SAN DIEGO (AP) — Juan Soto of the San Diego Padres came to bat against his former team, the Washington Nationals, with the bases loaded and two outs in the seventh inning of a tie game. The sellout crowd of 41,820 anticipated something big from its new superstar.
It didn't happen. Soto went down swinging on a 96 mph sinker from Victor Arano and slammed his bat and helmet to the ground.
That's the kind of night it was as the Nationals, who have the worst record in the majors, won 3-1 against the Padres, who are scrapping to hold on to the NL's third wild-card spot.
Nelson Cruz drew a bases-loaded walk off Josh Hader to bring in the go-ahead run with one out in the ninth inning on a night when there wasn't much offense.
The big at-bat was Soto against Arano.
“It was motivational to face a hitter of that kind of caliber and able to get the job done," Arano said through an interpreter. “I was very excited and happy to do so.”
Manager Dave Martinez said that at-bat "was a little bit trying. I was sweating a little bit. They've got so many good hitters in that lineup. Our pitchers have got to work. For them to come in here and do what they did, they did a great job tonight."
Hader relieved Yu Darvish (10-7) with the game tied at 1 after the right-hander allowed two singles sandwiched around the first out in the ninth. Hader, obtained from Milwaukee on Aug. 1, hit Luke Voit with a pitch to load the bases and then walked Cruz. Keibert Ruiz followed with a sacrifice fly.
The teams staggered through the game without much offense in their fourth meeting since their blockbuster trade on Aug. 2 that sent Soto and Josh Bell to San Diego for a package of players that included Voit. The Padres had just three hits and the Nationals had just six, three of them in the ninth.
“It’s awesome. For me, this is the kind of game you want to play," Martinez said. "This is what builds character. These guys were all jacked up, pumped up. Nobody was sitting from the seventh through the ninth inning. All those guys were standing up on the fence, cheering.”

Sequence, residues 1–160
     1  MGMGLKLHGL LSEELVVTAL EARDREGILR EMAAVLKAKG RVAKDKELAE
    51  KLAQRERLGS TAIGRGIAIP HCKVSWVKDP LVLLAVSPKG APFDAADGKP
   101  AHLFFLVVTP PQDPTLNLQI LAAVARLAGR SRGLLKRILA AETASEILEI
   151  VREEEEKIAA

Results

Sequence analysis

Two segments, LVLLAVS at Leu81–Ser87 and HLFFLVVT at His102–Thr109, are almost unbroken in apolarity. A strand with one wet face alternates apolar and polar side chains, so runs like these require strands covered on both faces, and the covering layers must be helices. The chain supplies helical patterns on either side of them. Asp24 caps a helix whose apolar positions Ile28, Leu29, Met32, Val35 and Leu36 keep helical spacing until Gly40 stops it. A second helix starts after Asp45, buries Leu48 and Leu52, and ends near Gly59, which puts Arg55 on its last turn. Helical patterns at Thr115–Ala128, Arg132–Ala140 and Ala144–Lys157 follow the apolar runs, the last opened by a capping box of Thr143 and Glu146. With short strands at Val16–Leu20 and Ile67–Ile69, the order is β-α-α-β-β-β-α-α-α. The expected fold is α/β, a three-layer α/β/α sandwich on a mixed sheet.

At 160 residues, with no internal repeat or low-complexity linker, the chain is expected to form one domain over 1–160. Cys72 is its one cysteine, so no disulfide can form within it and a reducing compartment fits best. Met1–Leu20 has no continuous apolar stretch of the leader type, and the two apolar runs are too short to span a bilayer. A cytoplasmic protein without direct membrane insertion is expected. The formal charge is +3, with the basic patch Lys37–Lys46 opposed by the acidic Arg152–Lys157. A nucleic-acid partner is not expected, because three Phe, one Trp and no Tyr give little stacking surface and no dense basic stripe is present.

Darvish retired the first eight Nationals batters before Ildemaro Vargas homered to right, his second. The Nationals had only two baserunners over the next five innings before starting the winning rally against Darvish in the ninth.
Manny Machado tied the game at 1 with a line shot to left off Anibal Sánchez with two outs in the fourth, his 22nd. He also extended his hitting streak to 10 games.
Carl Edwards (5-3) pitched a perfect eighth for the win. Kyle Finnegan pitched the ninth for his sixth save. Finnegan put two runners on with one out but got pinch-hitter Jurickson Profar to hit into a double play.
The Padres took two of three at Washington last weekend. This was the same pitching matchup as Saturday, when the Nationals beat Darvish and the Padres 4-3. Sánchez got a no-decision.
Darvish allowed three runs and five hits in 8 1/3 innings, struck out six and walked none.
Sánchez allowed just Machado's homer in five innings, while striking out four and walking two. He retired the first eight Padres batters and 10 of 11 before Machado homered.
Voit became a fan favorite in his half season with the Padres and got a nice ovation as he came to the plate leading off the second.